Recently, we got together – a friend who lives in Canada was down and we decided to meet up at a common friend’s house and spend a couple of days together – just chilling. Just that phrase made us feel young again! That’s all we did actually – ordered in and talked and stayed silent through companionable silences. And talked some more. And ate and drank and got more voluble. Strange how the years just roll back – in our case, over thirty years and though we keep meeting at intervals, we always go back to the first time we met and became such good friends. Maybe that’s the secret of ‘girlfriend tonic’ – it makes you feel young again.

It’s amazing how revived and refreshed you feel when you get together with old friends. Like the time I finished all the work that had piled up, left late in the evening and got to this friend’s house at 10.30 at night. She had dinner waiting for me, piping hot. And we talked till almost 5 in the morning. I got back the following day feeling great! We all have pretty happy lives, great husbands, great kids, a good life – but there’s something about ‘girlfriend tonic’ that makes you shed the years like nothing else can. Well, that’s the way all of us feel when we’ve spent time with our close friends. Then one day, into my email Inbox there popped a forward that seemed to explain it so well. It was written by a student in Stanford who had just listened to a lecture by the head of psychiatry there. He was talking about the mind-body connection and how stress could bring about disease. For a man to stay healthy, he said, he should be married but for a woman, the best way was to nurture her friendship with her girlfriends. The class thought it was a joke but he was very serious.

If stress is what causes ill health, the web of support that girlfriends create around each other help each one get through those stressful moments without getting sucked in. It has been proved that during this time together, women produce more of serotonin in the brain which is such a great pick-me-up and one of the best ways to protect against depression. Men might get together and talk about their activities while women usually talk about how they feel when they are with their friends. We bare our souls, we rant, we rave, we cry, we laugh, we giggle …. in short, we let it all out.

This psychiatry professor said that exercising our bodies was great but it was as important to exercise our minds. And girlfriend time is just the way to do it. Many of us have been blessed with girlfriends who are the perfect tonic to help us get through life with a smile. I’m one of them and I’m truly grateful.

This hub is dedicated to my wonderful girlfriends scattered all over the world. Whatever would I do without all of you? Thank you… (in alphabetical order) Andrea, Christine, Kiruba, Lyra, Madhuri, Melanie, Rekha, Smita, Suneeta, Sushama.

Born Bad?

by Shalini Kagal

The other night, someone I barely knew said something that got me thinking real hard. There was music, laughter and the aroma of food all around and the mood was joyous to say the least. It was a big fat Indian wedding and next to me was a man who had been the head of one of the largest heavy engineering corporations in the country. He retired many years ago and the talk turned from cricket – almost every Indian’s passion – to the corruption in high places in the country – something we just live with day in, day out. That’s when he suddenly came out with this pronouncement.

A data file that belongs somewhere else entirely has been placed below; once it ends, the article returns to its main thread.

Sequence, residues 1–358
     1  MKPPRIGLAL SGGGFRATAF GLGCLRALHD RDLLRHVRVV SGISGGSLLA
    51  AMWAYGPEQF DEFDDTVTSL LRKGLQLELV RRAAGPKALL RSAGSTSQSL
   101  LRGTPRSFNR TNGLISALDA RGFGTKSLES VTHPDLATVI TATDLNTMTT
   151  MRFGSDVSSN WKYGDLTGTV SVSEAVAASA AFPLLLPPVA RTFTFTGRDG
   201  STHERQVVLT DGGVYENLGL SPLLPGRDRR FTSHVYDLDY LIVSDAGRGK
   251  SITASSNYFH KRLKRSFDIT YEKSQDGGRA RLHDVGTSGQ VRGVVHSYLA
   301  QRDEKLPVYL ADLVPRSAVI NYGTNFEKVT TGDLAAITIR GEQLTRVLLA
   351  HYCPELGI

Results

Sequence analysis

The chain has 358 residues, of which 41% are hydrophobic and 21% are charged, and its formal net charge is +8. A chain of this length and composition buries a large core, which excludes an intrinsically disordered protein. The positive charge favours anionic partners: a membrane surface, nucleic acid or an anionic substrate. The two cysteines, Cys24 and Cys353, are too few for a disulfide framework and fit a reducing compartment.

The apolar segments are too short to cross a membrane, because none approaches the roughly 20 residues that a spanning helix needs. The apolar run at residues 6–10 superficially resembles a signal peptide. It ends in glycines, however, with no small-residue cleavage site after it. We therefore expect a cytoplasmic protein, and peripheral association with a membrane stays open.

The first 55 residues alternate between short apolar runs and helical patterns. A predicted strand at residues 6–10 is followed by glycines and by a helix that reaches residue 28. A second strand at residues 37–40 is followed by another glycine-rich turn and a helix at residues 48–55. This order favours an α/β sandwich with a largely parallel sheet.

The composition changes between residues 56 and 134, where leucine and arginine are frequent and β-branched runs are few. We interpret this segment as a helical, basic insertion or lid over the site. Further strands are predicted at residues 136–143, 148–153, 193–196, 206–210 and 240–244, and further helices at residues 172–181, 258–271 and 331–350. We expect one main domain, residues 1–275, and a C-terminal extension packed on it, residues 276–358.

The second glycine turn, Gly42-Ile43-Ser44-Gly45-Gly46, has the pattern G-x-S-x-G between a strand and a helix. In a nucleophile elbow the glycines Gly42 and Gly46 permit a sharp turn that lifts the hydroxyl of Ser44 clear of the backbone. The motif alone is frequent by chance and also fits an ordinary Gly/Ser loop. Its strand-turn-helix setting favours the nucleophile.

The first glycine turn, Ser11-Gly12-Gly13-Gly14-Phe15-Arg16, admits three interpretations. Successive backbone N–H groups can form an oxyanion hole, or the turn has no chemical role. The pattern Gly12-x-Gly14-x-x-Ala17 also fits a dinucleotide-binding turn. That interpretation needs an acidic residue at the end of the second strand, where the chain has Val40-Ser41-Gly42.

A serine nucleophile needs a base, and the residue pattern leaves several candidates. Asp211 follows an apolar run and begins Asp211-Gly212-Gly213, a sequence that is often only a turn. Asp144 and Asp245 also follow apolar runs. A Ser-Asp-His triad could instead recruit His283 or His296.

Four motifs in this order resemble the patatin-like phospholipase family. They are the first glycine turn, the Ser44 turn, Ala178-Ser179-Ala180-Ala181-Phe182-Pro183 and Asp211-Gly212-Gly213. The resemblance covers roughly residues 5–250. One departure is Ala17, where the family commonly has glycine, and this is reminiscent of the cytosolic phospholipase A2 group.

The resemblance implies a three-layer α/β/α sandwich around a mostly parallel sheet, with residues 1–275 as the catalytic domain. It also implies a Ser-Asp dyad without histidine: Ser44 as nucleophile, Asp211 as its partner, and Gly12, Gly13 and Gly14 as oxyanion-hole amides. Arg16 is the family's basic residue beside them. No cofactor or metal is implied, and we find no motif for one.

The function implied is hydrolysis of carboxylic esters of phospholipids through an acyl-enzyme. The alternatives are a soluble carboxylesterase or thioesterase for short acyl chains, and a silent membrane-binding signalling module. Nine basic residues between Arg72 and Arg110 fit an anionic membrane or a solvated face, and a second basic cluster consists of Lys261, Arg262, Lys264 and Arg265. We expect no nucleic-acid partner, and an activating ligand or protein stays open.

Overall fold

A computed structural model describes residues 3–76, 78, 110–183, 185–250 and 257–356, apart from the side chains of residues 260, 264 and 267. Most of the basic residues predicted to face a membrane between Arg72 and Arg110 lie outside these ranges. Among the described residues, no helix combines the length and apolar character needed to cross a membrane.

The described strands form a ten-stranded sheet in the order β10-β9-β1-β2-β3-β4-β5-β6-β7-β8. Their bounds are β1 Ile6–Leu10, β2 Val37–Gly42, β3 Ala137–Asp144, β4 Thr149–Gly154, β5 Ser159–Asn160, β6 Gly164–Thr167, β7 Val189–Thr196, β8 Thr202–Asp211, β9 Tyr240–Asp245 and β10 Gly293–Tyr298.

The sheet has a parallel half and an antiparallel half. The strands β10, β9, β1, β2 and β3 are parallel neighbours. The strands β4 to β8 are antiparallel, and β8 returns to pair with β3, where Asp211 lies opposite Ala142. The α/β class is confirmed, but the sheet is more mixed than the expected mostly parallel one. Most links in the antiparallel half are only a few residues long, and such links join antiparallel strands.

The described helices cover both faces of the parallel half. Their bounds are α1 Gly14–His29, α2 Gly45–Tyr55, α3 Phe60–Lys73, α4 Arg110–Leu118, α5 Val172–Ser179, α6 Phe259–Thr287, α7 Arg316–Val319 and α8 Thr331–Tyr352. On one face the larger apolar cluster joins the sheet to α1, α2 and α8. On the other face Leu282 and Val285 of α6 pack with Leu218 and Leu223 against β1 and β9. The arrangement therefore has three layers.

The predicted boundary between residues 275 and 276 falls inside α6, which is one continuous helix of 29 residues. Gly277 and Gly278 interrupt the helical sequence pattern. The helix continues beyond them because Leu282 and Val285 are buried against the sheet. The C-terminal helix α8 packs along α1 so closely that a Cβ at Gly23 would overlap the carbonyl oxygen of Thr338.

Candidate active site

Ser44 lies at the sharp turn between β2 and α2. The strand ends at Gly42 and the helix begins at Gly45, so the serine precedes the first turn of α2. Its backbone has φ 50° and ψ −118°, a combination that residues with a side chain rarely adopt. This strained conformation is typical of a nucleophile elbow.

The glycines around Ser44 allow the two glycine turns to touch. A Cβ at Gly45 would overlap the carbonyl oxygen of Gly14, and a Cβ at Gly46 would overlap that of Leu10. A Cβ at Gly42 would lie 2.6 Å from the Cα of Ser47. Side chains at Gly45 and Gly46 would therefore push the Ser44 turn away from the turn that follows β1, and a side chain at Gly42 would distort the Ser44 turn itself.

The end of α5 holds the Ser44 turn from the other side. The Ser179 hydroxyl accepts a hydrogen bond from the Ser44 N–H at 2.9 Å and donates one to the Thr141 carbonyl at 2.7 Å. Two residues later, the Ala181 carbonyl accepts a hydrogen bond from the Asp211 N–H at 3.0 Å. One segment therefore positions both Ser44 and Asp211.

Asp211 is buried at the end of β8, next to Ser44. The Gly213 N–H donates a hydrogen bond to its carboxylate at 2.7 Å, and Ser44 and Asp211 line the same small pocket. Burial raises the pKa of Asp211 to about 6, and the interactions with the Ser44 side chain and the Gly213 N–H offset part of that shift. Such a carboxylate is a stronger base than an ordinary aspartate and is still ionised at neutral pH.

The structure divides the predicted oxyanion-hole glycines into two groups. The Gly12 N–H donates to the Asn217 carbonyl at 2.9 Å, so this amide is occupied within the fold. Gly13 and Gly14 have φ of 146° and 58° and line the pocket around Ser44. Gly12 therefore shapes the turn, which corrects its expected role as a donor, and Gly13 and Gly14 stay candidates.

“We’re all born bad.”

Come on, I thought, though I didn’t say it. Don’t you know that we come into this world innocent and sweet, trailing clouds of glory?

He paused and went on.

“We grow to become good or not.”





What he said played on my mind for a long time. Memories of Sunday morning sermons from long ago came back to haunt me. The preacher’s thundering voice telling us with authority to repent because we were sinners and were all born in sin. It always upset me because at home, we always thought of God as a god of love. What was the truth, if there was one? Did it lie somewhere in between?

So what is the nature of the natural man? The man that is or was before the masks get fitted into place? What are our natural instincts before our parents and our teachers make us aware of what we should do and how we ought to behave, what we must say and when we can say it.

Look at kids playing and you usually find the ones who are stronger bossing the others. If they aren’t checked, they usually bully the weaker ones. Is this the way it happens in Nature – the natural way? I would hate to label it as ‘bad’ but the fact is, most of us who have read ‘Lord of the Flies’ will agree that children can be cruel when they are unsupervised.

I read a wonderful hub the other day about people being essentially good and after this, I couldn’t help wondering if we need to grow into goodness. If we are born, not with a tabula rasa but with ‘natural’ survival instincts and it’s guidance, teaching and experience that makes us what we are.

Or, is there a bad and good at all? Or just a natural state of being and a socially acceptable state? Who defines what’s good, bad or otherwise? Are we constantly torn inside because of what we are naturally and what we are told we should be? Is nothing in the world really good or bad and just our thinking that makes it so?

Questions, questions, but will there ever be answers that are conclusive?

Time For A Digital Will

by Shalini Kagal




So you might have made a will, got it registered, given someone you trust a copy to keep safe and told your family just where they can lay their hands on a copy. You’ve made sure that you’ve listed all your worldly possessions with clear instructions of what should be done with them. All very well, but have you thought of making a digital will as well? Or adding a bit to your regular will so it includes your virtual assets?